Raising children and guiding a family without the support of another adult can bring stressful challenges to both parents and children.
Single parents represent a sizeable demographic in the United States. In 2010, the Organization for Economic Co-operation and Development found single parents to be 28.3% of American families.
Over the past 20 years, single-parent families have become more common than the ¨traditional¨ family composed of a mother, a father, and children. What is being seen is a wide variety of family structures from families headed by the mother, the father or the grandparents raising their grandchildren.
Despite the increase in the number of single parents, the challenges that come with being one can be overwhelming for the parent acting as both a father and a mother, as well as a judge, jury and teacher.
“First, you do not have a partner to whom to delegate or assign responsibilities,” says Martha Gonzalez, who has been a single mother of three girls for the past four years. For Martha, her role as a mother has not been easy, and many times she has been discouraged by the fact that she cannot count on the support of another adult in her home.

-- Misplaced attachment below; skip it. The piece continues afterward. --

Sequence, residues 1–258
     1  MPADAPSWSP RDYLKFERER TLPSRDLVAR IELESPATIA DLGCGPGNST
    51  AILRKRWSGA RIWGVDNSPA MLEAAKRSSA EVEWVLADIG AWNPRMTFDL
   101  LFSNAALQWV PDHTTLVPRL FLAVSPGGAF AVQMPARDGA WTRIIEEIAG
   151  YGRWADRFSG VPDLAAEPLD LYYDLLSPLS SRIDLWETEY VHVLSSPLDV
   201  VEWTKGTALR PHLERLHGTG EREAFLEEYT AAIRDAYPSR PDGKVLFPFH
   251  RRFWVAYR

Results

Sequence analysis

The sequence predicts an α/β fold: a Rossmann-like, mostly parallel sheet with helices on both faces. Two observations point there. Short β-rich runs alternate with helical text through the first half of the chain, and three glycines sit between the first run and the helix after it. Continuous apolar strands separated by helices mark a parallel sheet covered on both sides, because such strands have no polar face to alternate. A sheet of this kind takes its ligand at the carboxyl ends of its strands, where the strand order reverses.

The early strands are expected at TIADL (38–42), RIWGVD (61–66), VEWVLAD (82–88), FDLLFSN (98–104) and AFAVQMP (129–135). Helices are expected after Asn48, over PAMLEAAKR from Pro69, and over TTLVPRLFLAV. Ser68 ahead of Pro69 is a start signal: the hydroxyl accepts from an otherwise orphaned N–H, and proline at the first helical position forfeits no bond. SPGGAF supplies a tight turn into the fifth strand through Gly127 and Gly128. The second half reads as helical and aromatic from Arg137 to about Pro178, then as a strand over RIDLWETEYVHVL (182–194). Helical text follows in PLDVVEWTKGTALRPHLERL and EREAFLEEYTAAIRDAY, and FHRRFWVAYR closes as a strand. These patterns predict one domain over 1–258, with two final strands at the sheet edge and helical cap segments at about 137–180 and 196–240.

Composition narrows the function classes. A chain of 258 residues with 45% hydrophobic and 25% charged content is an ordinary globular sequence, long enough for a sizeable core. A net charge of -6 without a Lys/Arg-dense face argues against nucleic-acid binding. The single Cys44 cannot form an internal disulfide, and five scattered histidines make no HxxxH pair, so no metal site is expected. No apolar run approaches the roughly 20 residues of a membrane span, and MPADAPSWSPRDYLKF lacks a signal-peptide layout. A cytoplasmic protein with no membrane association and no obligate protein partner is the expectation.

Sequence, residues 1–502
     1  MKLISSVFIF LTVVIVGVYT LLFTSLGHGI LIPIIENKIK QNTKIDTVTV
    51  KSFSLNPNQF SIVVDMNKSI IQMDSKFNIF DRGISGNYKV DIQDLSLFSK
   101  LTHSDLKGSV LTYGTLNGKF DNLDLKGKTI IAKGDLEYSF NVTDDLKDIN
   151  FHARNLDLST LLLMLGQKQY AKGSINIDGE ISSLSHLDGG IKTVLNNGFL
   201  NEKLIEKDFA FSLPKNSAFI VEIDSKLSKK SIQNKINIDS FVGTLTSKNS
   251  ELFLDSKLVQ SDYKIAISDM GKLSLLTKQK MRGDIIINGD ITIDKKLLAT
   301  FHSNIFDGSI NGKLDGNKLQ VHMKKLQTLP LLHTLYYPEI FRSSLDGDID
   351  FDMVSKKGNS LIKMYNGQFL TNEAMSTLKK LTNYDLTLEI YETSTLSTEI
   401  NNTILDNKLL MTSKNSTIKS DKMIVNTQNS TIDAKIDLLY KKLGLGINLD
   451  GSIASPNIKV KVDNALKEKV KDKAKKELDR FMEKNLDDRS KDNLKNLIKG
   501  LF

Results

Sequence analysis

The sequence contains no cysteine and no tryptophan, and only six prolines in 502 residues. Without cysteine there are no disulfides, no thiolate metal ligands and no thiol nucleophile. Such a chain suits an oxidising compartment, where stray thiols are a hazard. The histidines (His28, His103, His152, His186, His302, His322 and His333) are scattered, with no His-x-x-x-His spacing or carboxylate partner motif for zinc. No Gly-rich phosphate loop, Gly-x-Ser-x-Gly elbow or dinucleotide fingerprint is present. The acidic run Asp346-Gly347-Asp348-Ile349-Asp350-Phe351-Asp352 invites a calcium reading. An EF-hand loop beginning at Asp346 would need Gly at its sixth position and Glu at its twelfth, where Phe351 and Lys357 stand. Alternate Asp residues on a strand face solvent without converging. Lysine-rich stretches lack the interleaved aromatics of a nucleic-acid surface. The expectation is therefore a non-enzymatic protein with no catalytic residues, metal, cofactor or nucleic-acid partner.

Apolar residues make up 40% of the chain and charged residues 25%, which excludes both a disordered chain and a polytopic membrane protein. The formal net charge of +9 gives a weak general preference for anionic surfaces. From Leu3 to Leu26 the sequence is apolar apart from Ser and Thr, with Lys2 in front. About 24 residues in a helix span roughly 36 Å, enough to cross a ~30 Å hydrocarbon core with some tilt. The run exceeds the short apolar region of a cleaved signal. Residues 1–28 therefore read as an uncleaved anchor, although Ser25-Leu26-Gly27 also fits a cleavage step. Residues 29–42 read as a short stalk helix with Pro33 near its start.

“Of course, we face more challenges by being single parents because there is greater pressure on us than when there is another person who supports us.
That is why I have had to adjust schedules and routines to achieve to the best of my ability the development, the education and the well-being of my daughters.” commented the Peruvian mother who has lived in Miami for the past 20 years.
Another great challenge to single parents is being the sole provider. As heads of families, they must provide food, clothes, a home, and timely bill payments.
“On one occasion my five-year-old son Gabriel got chickenpox, and I asked for vacation time to take care of him. When he recovered, my daughter Camila got sick, and I had to miss work and this time it was without pay. That month my income was drastically affected,” added Matilde Huerta, admitting that she still tries to make 48 hours out of 24 hours in a day.
Despite all, both mothers agree that the challenges make them stronger because their motivation is to ensure that their children succeed in life. “I believe that the trials we go through help us to be better parents every day,” said Huerta.
Haz clic para leer en Español: Los desafíos de los padres solteros